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Book Review: Undoing the Hide’s Taut Musculature by Matthew Baker

Matthew W. Baker’s debut chapbook Undoing the Hide’s Taut Musculature (Finishing Line Press, 2019) is a visceral and incisive exploration of what it means to have a body. Baker’s poems delve into mortality, illness, surgical interventions both elective and necessary, and radical changes both voluntary and beyond the speaker’s control. The speaker in these poems grapples with isolation and relationships, offering an unflinching portrayal of the mother/son dynamic.

Matthew W. Baker’s debut chapbook Undoing the Hide’s Taut Musculature (Finishing Line Press, 2019) is a visceral and incisive exploration of what it means to have a body. Baker’s poems delve into mortality, illness, surgical interventions both elective and necessary, and radical changes both voluntary and beyond the speaker’s control. The speaker in these poems grapples with isolation and relationships, offering an unflinching portrayal of the mother/son dynamic.

The chapbook opens on a poem entitled “My Birth as f(x),” which provides a narrative of the speaker’s birth that shifts between fact and fantastical: “I was born next to a lake made of geese./When I was born, cathedral bells rang/and mixed with steam from sewer vents in spring.” This poem, with its bizarre images and gorgeous sound work, sets the expectation for the rest of the collection. Baker’s speaker offers us glimpses into childhood with his mother, like learning to ride a bike, and the heartbreaking narrative featured in “Birthday Parties.” The speaker declines a birthday party when his mother offers, forgoing “all the hats and cake and fizzing pop/coursing through my veins and those of kids/who acted like my friends but lately/hadn’t been friendly at all.” I admire Baker’s ability to render such stunning sensory detail, and this poem demonstrates the speaker’s drive to dig deep into bodily memory. This impulse gets increasingly complex as the collection progresses, as later poems focus on the challenges the speaker faces in caring for his aging mother.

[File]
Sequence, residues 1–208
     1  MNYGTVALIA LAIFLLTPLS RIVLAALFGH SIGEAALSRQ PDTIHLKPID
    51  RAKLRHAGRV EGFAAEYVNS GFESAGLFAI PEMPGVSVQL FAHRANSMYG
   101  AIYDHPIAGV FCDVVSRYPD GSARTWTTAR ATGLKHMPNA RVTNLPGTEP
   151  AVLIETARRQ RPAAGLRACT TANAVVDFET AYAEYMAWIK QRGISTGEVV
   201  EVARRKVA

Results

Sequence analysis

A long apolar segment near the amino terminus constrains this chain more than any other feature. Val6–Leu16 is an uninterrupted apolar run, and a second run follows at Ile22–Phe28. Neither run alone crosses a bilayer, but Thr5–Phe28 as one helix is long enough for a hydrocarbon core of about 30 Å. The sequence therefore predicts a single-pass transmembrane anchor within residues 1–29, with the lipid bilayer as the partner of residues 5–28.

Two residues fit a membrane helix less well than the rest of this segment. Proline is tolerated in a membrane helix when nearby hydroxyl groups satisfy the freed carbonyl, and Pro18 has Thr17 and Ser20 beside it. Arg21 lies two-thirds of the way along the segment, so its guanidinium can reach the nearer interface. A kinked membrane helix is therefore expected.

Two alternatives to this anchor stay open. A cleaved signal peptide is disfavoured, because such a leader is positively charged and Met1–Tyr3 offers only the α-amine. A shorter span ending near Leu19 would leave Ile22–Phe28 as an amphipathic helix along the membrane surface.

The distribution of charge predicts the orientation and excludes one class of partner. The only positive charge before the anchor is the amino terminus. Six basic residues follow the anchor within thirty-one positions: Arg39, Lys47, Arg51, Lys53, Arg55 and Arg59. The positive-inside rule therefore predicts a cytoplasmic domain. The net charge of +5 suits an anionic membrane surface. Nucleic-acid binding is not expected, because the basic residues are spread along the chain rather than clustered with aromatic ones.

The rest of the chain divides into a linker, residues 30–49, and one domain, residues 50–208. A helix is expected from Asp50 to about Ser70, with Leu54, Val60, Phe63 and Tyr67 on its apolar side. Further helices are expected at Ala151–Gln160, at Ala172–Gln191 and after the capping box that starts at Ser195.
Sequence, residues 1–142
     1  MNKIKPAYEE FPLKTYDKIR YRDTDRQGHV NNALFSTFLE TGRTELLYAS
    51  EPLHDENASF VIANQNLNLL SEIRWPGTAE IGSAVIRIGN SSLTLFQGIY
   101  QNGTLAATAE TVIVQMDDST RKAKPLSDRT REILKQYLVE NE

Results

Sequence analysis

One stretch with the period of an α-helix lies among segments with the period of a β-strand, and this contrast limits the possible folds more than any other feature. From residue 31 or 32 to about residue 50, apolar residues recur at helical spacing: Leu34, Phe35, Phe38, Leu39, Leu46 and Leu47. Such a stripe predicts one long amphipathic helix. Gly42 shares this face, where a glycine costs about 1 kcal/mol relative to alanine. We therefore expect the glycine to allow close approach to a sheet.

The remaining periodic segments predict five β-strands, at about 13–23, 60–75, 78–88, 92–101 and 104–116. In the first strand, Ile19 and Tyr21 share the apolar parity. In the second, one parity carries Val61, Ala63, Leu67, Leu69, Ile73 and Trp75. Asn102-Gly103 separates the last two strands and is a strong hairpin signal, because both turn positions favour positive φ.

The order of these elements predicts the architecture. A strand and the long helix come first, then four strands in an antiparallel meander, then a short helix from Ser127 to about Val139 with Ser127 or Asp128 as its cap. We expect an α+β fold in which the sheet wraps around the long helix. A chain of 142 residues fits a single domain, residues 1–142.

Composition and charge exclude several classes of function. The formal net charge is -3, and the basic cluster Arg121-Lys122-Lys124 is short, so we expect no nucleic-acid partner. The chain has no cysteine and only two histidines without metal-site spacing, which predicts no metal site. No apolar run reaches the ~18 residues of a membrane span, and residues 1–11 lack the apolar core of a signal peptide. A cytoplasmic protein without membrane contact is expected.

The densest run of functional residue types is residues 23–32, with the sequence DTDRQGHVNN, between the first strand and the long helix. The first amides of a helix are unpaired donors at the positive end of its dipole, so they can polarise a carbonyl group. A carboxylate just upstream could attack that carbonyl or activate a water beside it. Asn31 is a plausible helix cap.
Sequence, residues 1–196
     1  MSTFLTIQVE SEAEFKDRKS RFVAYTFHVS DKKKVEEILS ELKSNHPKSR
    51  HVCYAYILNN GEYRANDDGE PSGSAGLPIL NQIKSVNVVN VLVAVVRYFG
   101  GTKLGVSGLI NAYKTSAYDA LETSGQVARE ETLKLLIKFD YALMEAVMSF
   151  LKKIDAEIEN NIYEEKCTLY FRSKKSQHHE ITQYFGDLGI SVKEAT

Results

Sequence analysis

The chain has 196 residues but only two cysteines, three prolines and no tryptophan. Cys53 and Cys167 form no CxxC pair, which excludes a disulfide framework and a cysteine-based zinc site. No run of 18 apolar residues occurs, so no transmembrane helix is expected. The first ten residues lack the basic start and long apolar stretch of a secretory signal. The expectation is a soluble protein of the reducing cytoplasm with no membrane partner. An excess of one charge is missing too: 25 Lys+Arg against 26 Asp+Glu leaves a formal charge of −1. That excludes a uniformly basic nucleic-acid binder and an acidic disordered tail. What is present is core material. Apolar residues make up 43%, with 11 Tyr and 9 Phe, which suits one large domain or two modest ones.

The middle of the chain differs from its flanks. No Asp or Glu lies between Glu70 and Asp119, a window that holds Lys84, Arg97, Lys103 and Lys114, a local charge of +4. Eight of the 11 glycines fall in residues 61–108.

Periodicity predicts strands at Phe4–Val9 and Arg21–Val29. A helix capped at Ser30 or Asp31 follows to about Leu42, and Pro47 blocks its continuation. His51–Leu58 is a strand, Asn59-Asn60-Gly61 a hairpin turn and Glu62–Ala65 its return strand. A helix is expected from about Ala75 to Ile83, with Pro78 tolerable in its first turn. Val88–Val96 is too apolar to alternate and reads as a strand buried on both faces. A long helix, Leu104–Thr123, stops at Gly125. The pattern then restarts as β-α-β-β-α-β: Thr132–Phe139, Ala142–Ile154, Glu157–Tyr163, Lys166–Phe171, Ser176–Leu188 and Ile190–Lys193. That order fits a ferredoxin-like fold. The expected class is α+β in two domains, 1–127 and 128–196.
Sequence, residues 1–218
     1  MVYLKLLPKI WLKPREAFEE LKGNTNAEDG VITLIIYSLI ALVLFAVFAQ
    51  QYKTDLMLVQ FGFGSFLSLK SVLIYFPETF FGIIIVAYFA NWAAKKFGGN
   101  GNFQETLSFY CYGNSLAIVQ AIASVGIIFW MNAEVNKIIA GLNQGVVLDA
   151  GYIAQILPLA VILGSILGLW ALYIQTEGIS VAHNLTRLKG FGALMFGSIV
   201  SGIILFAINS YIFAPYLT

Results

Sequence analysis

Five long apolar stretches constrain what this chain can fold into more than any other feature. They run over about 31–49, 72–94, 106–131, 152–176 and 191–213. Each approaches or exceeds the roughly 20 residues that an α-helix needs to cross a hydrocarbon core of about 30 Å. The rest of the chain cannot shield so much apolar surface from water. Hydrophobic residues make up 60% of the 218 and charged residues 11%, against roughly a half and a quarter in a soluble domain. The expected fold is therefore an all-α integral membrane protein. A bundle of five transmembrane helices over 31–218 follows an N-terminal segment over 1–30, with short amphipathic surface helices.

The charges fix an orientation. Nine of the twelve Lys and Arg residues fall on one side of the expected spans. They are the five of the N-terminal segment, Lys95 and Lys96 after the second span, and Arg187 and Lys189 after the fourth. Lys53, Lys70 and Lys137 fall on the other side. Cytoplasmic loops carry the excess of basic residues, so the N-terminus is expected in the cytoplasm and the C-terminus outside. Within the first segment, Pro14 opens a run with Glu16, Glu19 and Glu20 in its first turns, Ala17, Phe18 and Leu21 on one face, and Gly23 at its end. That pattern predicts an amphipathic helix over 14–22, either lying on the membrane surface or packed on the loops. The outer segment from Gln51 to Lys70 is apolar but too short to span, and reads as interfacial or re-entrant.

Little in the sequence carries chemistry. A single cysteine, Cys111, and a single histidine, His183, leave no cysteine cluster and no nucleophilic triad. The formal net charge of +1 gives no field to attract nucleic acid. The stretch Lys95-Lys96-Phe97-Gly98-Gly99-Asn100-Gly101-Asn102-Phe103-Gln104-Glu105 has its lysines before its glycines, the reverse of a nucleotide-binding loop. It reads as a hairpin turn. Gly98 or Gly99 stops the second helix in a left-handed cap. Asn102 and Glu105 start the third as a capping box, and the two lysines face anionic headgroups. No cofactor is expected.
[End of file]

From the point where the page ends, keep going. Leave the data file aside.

One of my favorite things about this book is the crown of sonnets entitled “Body, Burn, Memory.” A crown of sonnets is a sequence (fifteen sonnets, in this case) where each poem takes its first line from the final line of the preceding poem. The sequence develops several threads: the speaker’s relationship with a woman called Sarah, the death of a friend’s mother to cancer, the speaker’s own mother, isolation and desire. The final sonnet in the sequence encapsulates these concerns and expresses what this book accomplishes: “I have collected the bones/of the women of my life, have erected/monuments in me. They flash brighter/than anything celestial in this/wasteland.” The speaker in these poems honors the past and makes a monument of bodily history without dismissing the truth of mortality.

I encourage you to pick up a copy of Undoing the Hide’s Taut Musculature, and allow yourself to be drawn into its dark, surprising world. You should also listen to Baker’s Inner Moonlight performance from January 2022, in which he offers further insight into these poems.

Podcast episode 

 

 

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Logen Cure

Logen Cure is the author of three poetry chapbooks: "Still," "Letters to Petrarch," and "In Keeping." She's an editor for Voicemail Poems. She serves as an English faculty member at Tarrant County College and earned her MFA in Creative Writing from the University of North Carolina at Greensboro. She curates "Inner Moonlight," a monthly poetry series at The Wild Detectives. She lives in Dallas with her wife and daughter.

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